After a month-long survey and assessment of Moultrie’s compromised position, Lt. Joseph K. F. Mansfield submits a report to the Chief Engineer in Washington, Brevet Brig. Gen. Charles Gratiot, asserting that the fort can be saved. However, in order to prevent the settling of crucial segments of its seaward ramparts, an expensive project for strengthening its shoreline with breakwaters and other heavy works will be required. For a more detailed account of Mansfield’s diagram, see its separate entry under “Old Photos and Maps.”

December 25, 1830

The first steam-locomotive in America intended to regularly convey passengers, nicknamed the “Best Friend”, begins running its route between Charleston and Hamburg, South Carolina.

Mid-May, 1831

Another gale washes away considerably more sand from beneath Moultrie’s southeast and southwest angles, leaving their foundations completely exposed. Gratiot consequently orders Lt. Henry Brewerton to accelerate the efforts at creating an effective barrier of shoreline breakwaters.

July 7, 1831

This evening, despite the considerable progress achieved by Brewerton, an unusually powerful flood-tide causes Moultrie’s southwest angle to give way and sag down alarmingly, settling downward “from eighteen inches to two feet.” A significant span of its fractured masonry will have to be rebuilt as a result of this setback.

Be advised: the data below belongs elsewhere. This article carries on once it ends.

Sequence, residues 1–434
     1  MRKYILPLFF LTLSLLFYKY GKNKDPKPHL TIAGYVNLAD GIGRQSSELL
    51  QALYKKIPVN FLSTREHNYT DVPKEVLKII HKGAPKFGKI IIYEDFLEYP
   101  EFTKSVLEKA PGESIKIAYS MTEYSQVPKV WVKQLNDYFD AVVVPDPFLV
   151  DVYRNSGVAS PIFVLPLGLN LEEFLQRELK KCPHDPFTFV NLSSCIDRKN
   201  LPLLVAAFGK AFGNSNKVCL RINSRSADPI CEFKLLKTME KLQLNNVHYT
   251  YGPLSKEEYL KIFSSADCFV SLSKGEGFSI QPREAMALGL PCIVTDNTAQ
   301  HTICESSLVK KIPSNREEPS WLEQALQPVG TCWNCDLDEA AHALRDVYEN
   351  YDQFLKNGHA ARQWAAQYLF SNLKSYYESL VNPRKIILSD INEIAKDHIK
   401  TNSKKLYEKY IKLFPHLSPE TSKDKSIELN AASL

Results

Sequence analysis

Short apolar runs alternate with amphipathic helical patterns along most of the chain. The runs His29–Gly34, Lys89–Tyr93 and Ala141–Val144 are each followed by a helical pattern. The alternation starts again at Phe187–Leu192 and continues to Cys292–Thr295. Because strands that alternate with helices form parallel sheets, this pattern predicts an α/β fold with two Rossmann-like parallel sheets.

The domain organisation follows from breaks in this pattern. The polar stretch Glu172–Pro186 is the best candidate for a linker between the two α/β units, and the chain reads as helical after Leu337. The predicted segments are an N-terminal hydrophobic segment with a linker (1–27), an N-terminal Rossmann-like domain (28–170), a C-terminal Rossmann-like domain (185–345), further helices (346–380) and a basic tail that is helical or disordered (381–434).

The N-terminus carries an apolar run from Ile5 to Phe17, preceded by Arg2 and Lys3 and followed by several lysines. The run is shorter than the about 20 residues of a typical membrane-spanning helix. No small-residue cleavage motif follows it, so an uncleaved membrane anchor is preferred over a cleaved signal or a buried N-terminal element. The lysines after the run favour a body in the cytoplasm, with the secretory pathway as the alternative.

October 16, 1831

The well-known backwoodsman and artist John James Audubon arrives in Charleston to continue his work on producing ornithological studies for his on-going series Birds of America, the first of four visits which he will make to this city over the next eight years.

April 11, 1832

High tides caused by another nor’easter undermine Brewerton’s new breakwater, exposing a different section of Moultrie’s foundations. Once again, he is able to effect repairs by the end of June 1832.

September, 1832

While en route toward Florida, Col. James Gadsden visits Moultrie and determines that a lengthy seawall must be built offshore, in order to save the fort from its inevitable destruction through repeated wave-erosion.

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Role in Nullification Crisis (1832-1835)

October 29, 1832

In the wake of the recent “Nullifier” majority resulting from South Carolina’s elections, confidential orders are sent from Washington to Brevet Maj. Julius F. Heileman, in command of the 139 Federal troops in three U.S. Artillery companies on peacetime garrison-duty at Charleston Harbor, to place Fort Moultrie and Castle Pinckney on alert against any possible attempt by state militia forces to “surprise, seize, and occupy” these strongholds.

The Nullifier movement has arisen out of local dislike of the Federal protective import-tariffs, originally designed to favor Northern industrial interests against foreign competitors. The Nullifiers’ aim is to declare such tariffs “null and void” within their state borders, furthermore threatening to meet any attempted coercion out of Washington with outright secession.

November 6, 1832

Written instructions are also sent from Washington to U.S. customs-collectors in South Carolina, instructing them to maintain “a firm and vigilant, but discreet performance” of their duties.

November 7, 1832

Two additional U.S. Artillery companies are quietly ordered to depart Fortress Monroe, Virginia, so as to reinforce the Federal garrisons at Charleston.